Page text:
How large is a large room?

Old Feb 23rd, 2005, 07:07 AM
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How large is a large room?

Hi Guys,

My husband and I are going to Paris and Venice and the rooms we're booked into are 16sq m (in Venice) and 15 sq m(in Paris)excluding the bathroom and balcony in both cases. Is this large by Europe standards? I'm just trying to get a feel for what one can expect...

Thanks so much,
-Dee
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Old Feb 23rd, 2005, 07:13 AM
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ira
 
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Hi dee,

Multiply by ten to get sq. ft. Measure your bedroom.
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Old Feb 23rd, 2005, 07:16 AM
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This is TINY by any standard. This may help you: a typical US-style "motel" room with two double beds is about 28 square meters, including the bathroom. You are talking about a room of about half that size. That is very small. While hotel rooms in Europe tend to be on the small side, IMO 15 and 16 sq meters for two people is really tight, esp if you are there for more than one night and/or have a number of bags.
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Old Feb 23rd, 2005, 07:48 AM
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Ira's general "rule" about multiplying by 10 is a good one; 16 sq. meters is a little more than 172 square feet (remember a 12X12' room is 144 sq feet).

Is this large??? No, and there are PLENTY of European hotel rooms which are larger than this. A lot of these "small" rooms you've been hearing about are not necessarily in the best grade hotels although even the biggies can sometimes have tiny rooms.

I think the MORE important question you should ask yourself is whether or not YOU can live with it or you think it is worth it, whether by European, or any other so-called "standards" it is lareg or small.
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Old Feb 23rd, 2005, 09:23 AM
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Check this out - go to these Parisby photo galleries. One hotel has the pictures labeled (standard, superior, etc), the other one can be judged by the extra table, armchairs, etc as being the larger...

Hotel Duret
http://www.parisby.com/duret/pages/gallery.htm

Standard room - double bed - Room size 14 sq meters
Superior room - queen bed or 2 twins - Room size 25 sq meters


Best Western Belloy Saint Germain
http://www.parisby.com/belloysaintge...es/gallery.htm

Dbl/Twin Standard - with one double bed or twin beds -
Room size: approximately 11 square metres
Deluxe - with queen size bed or twin beds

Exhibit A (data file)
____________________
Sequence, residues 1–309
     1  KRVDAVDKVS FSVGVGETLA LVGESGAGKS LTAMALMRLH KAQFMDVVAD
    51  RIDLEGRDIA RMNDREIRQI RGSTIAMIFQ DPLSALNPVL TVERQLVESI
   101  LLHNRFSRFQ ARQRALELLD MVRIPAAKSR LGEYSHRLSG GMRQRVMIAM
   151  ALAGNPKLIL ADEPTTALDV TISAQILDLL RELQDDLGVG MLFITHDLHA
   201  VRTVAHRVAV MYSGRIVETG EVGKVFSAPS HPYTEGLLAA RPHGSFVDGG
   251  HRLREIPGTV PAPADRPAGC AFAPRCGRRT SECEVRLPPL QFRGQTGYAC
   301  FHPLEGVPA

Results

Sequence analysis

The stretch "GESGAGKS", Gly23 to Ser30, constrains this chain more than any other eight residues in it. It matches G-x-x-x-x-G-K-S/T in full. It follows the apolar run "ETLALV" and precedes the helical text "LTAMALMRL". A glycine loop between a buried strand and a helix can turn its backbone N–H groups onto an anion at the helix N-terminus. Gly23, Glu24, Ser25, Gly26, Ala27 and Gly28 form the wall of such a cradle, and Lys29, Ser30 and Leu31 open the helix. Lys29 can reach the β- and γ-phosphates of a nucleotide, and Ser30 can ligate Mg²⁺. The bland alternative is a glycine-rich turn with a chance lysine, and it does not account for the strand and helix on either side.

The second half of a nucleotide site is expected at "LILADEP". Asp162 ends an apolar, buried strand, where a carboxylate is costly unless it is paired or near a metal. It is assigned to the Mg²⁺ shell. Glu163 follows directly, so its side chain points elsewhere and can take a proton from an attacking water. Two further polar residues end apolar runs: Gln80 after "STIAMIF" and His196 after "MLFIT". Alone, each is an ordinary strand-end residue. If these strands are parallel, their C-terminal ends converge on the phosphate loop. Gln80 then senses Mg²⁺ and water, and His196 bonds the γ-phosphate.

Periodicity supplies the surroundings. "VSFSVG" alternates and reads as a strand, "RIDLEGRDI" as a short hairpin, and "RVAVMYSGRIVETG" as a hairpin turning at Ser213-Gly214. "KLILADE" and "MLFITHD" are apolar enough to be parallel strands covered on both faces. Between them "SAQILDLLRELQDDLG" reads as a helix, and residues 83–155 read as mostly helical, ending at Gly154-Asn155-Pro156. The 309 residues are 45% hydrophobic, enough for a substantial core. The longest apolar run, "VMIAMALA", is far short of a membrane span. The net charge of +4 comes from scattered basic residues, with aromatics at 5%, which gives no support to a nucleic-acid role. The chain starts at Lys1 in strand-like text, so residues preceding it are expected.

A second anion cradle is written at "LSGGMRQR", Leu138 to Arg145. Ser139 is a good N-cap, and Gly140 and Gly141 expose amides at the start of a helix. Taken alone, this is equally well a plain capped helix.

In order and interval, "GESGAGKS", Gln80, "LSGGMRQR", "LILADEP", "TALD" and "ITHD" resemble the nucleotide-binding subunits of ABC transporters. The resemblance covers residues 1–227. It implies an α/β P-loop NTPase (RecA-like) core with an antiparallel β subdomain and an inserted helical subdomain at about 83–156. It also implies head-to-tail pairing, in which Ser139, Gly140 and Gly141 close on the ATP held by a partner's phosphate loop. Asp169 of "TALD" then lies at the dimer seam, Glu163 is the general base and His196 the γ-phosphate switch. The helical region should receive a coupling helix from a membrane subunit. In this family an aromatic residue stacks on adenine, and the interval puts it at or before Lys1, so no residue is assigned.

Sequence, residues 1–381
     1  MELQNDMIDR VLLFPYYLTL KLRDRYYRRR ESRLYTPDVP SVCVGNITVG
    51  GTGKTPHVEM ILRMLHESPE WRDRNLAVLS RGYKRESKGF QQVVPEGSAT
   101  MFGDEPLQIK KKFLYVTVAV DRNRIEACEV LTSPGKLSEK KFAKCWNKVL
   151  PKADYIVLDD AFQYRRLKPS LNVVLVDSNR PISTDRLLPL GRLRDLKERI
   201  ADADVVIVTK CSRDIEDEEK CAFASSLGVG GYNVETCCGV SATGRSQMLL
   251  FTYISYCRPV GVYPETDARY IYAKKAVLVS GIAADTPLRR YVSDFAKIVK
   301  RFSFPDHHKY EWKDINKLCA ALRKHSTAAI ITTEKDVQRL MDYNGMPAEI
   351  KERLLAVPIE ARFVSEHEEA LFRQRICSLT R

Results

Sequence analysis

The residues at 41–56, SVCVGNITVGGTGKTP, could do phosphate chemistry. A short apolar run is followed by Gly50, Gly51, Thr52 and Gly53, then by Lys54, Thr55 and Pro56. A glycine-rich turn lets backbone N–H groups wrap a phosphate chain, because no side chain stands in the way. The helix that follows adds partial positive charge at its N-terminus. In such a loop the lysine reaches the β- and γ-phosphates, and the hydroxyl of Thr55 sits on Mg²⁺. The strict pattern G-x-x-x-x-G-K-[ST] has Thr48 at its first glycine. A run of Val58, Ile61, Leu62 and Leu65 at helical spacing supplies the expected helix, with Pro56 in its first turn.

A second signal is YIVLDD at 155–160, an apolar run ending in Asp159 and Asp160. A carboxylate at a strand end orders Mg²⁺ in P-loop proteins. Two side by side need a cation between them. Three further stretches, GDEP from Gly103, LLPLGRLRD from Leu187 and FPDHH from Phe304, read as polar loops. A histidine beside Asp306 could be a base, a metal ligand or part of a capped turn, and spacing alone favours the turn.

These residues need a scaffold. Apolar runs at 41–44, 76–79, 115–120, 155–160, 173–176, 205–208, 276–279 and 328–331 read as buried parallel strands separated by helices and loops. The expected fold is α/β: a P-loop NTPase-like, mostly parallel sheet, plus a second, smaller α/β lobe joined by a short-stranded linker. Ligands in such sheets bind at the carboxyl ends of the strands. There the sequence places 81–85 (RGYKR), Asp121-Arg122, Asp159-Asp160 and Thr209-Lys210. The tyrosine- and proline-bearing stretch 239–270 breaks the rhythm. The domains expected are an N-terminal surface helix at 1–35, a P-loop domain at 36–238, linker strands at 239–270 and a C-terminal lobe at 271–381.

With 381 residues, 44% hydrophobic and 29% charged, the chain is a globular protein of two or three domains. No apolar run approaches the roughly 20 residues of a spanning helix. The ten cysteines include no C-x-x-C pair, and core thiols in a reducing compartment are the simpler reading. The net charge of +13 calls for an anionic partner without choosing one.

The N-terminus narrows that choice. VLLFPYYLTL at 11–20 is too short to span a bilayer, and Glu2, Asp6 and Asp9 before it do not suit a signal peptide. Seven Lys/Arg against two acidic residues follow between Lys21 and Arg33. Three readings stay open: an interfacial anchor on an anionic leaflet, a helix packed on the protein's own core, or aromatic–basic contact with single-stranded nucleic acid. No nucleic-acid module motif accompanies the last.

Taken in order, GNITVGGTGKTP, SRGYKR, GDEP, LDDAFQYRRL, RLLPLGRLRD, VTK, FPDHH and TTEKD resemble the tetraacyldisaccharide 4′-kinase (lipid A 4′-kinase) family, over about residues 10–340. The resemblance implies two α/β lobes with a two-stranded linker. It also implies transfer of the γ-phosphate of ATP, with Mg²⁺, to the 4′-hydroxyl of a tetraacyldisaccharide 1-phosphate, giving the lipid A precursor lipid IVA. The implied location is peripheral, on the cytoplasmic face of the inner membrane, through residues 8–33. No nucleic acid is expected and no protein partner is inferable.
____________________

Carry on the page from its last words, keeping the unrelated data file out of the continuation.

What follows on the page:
Room size: 20 - 30 square metres
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Old Feb 23rd, 2005, 09:41 AM
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Thanks guys.

Guess I'll just stick with the rooms we have. It's too much of a pain to hunt again. Also, I'm not sure if we can afford much more than 160 euros at this point. The hotels that I found these rooms are Du Quai Voltaire in Paris and Hotel Mercurio in Venice. I had a lot of trouble finding a reasonably priced hotel in Venice..!


-Dee
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Old Feb 23rd, 2005, 09:50 AM
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the easy conversion rule I use is to multiply meters by 10 and then round up a little.

I think 15m2 is pretty small in Paris for two people to stay in. However, that isn't unusual for cheaper hotels. You should get rooms more around 20-25 m2 in more expensive hotels. To visualize 15m2, that would be a 3-5m room, which is about 10x16 feet.
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Old Feb 23rd, 2005, 09:56 AM
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I am estimating, but the room I use at the Astoria in Munich is moderate size even by American standards. By European standards it is large.
Not counting the bathroom, I estimate it to be 13 feet by 15 feet which is about
3.8 meters by 5 meters or slightly less than 20 square meters or about 200 square feet. There is a balcony, too.
the wardrobe for clothes does use up some of the space as does the desk.

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Old Feb 23rd, 2005, 10:12 AM
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My travel mate says the room is more like 15 x 18 feet, so that is slightly larger than my estimate. She is more astute on those matters than I. So I think her estimate is better. So 25 meters square is a closer estimate.

I know I have never felt cramped in that room.

Lets put it this way. We can easily do our back exercises without banging into the walls or the furniture. That rarely happens in a Eurpean hotel room.

In Paris the room was so small, that if one was moving about, the other had to retreat to the bed to avoid constant collisions.
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Old Feb 23rd, 2005, 10:19 AM
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square footage (or metres) are very important, but there are some additional factors like size of bed(s), other furniture in the room (built-ins or free standing), closets,whether or not there are radiators jutting out or niches jutting in. "Largeness" of an empty room may not be the same in appearance or usage as a furnished one.
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